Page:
Saturday, August 17, 2013

Leavenworth Eryngo

There are almost 250 species of the plant genus Eryngium throughout the world. This one, Leavenworth Eryngo, is named for Melines Conkling Leavenworth (1796-1862), an army surgeon, explorer, and botanist who discovered the plant on his botanical explorations in Indian territory.

Leavenworth Eryngo, at Lake El Dorado, Butler County, Kansas 2013

In 1817, Dr. Leavenworth graduated Yale Medical School. For a time, he was head of the Botanical Garden attached Yale. Following his army commission in 1833, he began his botanical explorations, which were conducted in the south and in Indian territory.

Though the flower looks like a thistle with its spikey leaves, actually, it is a member of the parsley and carrot family. As an herb, it has certain medicinal properties. (See WebMd.)

Eryngo (Eryngium, the genus name) refers to the pointed leaves and the dense clusters of flowers on the bracted flowering head.

The term 'Eryngo' may come from the Greek  erugarein, ‘to cure belching'. Greek physician Dioscorides, who wrote De Materia Medica, recommended the root to ease gas. Source, Eat the Weeds.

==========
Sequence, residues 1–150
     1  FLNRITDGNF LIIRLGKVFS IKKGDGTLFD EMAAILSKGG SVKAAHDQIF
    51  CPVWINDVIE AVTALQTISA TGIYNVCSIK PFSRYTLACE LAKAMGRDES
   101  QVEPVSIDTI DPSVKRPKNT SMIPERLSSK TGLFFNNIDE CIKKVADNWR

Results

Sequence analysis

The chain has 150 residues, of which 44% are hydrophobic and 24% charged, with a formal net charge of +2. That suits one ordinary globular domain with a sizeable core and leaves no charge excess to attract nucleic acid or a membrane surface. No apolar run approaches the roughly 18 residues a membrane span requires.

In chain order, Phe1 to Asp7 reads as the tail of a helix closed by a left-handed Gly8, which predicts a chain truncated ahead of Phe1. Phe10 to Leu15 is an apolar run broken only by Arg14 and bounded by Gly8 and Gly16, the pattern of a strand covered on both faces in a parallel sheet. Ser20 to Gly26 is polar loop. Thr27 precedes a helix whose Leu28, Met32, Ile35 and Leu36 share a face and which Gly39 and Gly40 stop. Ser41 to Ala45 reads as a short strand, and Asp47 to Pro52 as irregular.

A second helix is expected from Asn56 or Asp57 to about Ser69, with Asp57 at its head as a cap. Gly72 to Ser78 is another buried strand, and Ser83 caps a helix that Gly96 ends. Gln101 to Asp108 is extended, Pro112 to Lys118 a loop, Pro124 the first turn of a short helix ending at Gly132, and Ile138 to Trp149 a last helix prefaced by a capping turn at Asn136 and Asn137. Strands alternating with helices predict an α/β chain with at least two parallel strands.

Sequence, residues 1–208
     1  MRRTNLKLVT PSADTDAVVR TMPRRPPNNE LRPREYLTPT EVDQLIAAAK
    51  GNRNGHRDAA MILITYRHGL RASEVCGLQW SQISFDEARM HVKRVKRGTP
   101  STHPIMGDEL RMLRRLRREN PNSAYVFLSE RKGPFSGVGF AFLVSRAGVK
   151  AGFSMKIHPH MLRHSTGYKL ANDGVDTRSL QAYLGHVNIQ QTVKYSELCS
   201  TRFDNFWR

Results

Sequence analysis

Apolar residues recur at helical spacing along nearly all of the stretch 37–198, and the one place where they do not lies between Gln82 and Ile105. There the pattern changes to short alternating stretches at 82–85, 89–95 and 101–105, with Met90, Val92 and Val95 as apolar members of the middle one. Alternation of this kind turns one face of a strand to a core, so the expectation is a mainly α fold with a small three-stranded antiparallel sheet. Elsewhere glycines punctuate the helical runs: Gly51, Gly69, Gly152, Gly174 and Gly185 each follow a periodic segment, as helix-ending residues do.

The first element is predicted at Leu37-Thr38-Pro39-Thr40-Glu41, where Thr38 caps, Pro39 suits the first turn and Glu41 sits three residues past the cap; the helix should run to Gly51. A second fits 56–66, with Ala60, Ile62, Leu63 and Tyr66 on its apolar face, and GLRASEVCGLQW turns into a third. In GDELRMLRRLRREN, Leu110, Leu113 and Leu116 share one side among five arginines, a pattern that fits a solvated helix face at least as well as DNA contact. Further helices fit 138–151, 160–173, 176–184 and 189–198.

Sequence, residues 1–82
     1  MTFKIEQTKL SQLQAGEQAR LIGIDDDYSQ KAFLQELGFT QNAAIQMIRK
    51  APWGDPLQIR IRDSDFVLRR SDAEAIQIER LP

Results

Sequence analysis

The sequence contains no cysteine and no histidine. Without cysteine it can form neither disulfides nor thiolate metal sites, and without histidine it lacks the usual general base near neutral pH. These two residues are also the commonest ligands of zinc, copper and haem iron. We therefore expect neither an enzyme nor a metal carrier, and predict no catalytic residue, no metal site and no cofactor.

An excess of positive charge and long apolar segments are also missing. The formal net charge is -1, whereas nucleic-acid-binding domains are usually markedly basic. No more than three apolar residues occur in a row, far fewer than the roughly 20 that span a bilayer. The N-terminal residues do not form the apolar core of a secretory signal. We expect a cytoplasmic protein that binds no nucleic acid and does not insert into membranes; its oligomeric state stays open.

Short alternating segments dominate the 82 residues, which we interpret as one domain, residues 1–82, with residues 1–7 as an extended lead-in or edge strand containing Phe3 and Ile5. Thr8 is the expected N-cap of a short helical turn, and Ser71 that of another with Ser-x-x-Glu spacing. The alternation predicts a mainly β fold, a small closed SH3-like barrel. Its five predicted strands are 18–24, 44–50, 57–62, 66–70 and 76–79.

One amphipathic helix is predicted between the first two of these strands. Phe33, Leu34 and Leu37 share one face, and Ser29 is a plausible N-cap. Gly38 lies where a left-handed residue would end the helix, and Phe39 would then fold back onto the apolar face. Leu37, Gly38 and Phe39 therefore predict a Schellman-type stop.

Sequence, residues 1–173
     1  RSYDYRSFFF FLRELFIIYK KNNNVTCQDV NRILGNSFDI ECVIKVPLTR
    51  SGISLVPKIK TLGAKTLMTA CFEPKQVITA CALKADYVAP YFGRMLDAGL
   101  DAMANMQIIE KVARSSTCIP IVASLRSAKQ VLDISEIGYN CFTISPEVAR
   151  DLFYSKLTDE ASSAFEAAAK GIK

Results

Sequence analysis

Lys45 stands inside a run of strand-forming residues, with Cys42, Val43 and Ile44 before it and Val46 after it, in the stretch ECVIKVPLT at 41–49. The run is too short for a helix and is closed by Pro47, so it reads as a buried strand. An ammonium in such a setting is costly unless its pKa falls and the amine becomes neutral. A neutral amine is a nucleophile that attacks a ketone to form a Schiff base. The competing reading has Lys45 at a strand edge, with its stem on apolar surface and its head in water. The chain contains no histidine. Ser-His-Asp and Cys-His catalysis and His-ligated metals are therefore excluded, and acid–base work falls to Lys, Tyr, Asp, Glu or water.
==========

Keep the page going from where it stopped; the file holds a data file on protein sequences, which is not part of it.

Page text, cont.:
Leavenworth Eryngo,
Lake El Dorado, Butler County, Kansas
 August 2013

This annual plant grows to 3 feet, towering above the native prairie short grass. A single erect stem ends in a single flowering head, but multiple branches extend laterally on which are additional flowers. It is found on dry rocky prairies. grasslands, and roadside fields, but can be observed near rocky lakes as this one was at Lake Eldorado in Butler County.

Leavenworth Eryngo, stem with flowering heads

The distinctive flowering head resembles a pineapple. There are spiked leaves below the florets and above. The flower turns from green to white and purple as it matures.

Flowering head of Leavenworth Eryngo,
Lake El Dorado, Butler County, Kansas
Flowering bracted head of Leavenworth Eryngo

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